Aim: To describe HCAs’ perspectives on detecting mental health problems and promoting mental health among homebound seniors with multimorbidity.

    Methods: We applied a descriptive qualitative study design using semi-structured interviews. Content analyses were performed on five focus group interviews conducted in 2014 with 26 HCAs.

    Results: Most HCAs stated that they were experienced in caring for clients with mental health problems such as anxiety, depression, sleep problems, and high alcohol consumption. The HCAs mentioned as causes, or risk factors, multiple chronic conditions, feelings of loneliness, and social isolation. The findings reveal that continuity of care and seniors’ own thoughts and perceptions were essential to detecting mental health problems. Observation, collaboration, and social support emerged as important means of detecting mental health problems and promoting mental health. Conclusion: The HCAs had knowledge of risk factors, but they seemed insecure about which health professionals had the primary responsibility for mental health. They also seemed to have detected early signs of mental health problems, even though good personal knowledge of the client and continuity in home visits were crucial to do so. When it came to mental health promotion, the suggestions related to the aim of ending social isolation, decreasing feelings of loneliness, and increasing physical activity. The results indicate that the HCAs seemed dependent on supervision by district nurses and on care managers’ decisions to support the needed care, to schedule assignments related to the detection of mental health problems, and to promote mental health.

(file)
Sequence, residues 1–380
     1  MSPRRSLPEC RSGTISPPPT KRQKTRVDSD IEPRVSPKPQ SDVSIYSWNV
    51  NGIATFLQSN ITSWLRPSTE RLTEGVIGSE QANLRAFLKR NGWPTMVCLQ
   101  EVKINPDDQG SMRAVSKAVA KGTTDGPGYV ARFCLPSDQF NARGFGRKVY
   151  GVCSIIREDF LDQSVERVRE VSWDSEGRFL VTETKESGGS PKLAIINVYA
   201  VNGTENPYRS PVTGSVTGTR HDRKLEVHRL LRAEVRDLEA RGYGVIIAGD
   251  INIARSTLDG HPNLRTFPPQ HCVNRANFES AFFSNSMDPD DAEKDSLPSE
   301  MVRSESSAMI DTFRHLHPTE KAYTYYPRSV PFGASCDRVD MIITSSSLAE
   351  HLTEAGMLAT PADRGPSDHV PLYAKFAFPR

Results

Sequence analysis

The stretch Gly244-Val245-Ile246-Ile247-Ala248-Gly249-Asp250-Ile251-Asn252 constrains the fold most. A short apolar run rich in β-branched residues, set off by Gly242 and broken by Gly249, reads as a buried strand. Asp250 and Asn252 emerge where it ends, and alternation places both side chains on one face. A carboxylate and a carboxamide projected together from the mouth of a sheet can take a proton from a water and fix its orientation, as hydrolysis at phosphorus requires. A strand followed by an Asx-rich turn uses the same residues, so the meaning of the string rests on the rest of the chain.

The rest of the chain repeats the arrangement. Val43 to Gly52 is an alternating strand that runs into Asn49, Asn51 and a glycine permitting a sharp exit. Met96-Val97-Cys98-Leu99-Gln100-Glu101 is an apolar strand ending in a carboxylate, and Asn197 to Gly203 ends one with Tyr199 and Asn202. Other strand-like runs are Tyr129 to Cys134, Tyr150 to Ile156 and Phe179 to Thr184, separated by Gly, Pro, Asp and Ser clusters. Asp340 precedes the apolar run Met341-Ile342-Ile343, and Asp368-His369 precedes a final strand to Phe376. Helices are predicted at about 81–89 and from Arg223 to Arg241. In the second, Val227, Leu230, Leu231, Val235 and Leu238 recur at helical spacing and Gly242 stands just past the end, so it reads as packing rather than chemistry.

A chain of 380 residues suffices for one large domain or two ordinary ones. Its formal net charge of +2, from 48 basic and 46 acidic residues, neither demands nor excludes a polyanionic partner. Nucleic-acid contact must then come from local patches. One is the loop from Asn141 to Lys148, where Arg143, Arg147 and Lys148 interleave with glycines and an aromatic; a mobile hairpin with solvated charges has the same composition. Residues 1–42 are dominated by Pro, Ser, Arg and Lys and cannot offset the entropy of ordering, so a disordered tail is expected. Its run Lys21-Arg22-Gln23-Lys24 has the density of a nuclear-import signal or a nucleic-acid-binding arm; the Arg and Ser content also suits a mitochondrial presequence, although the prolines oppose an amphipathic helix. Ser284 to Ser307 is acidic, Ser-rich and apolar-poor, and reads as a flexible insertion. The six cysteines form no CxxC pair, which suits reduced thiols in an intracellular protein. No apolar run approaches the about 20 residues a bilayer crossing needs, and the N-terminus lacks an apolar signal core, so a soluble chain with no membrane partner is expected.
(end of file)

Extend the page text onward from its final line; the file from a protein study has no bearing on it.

• 8. Swall, Anna
    et al.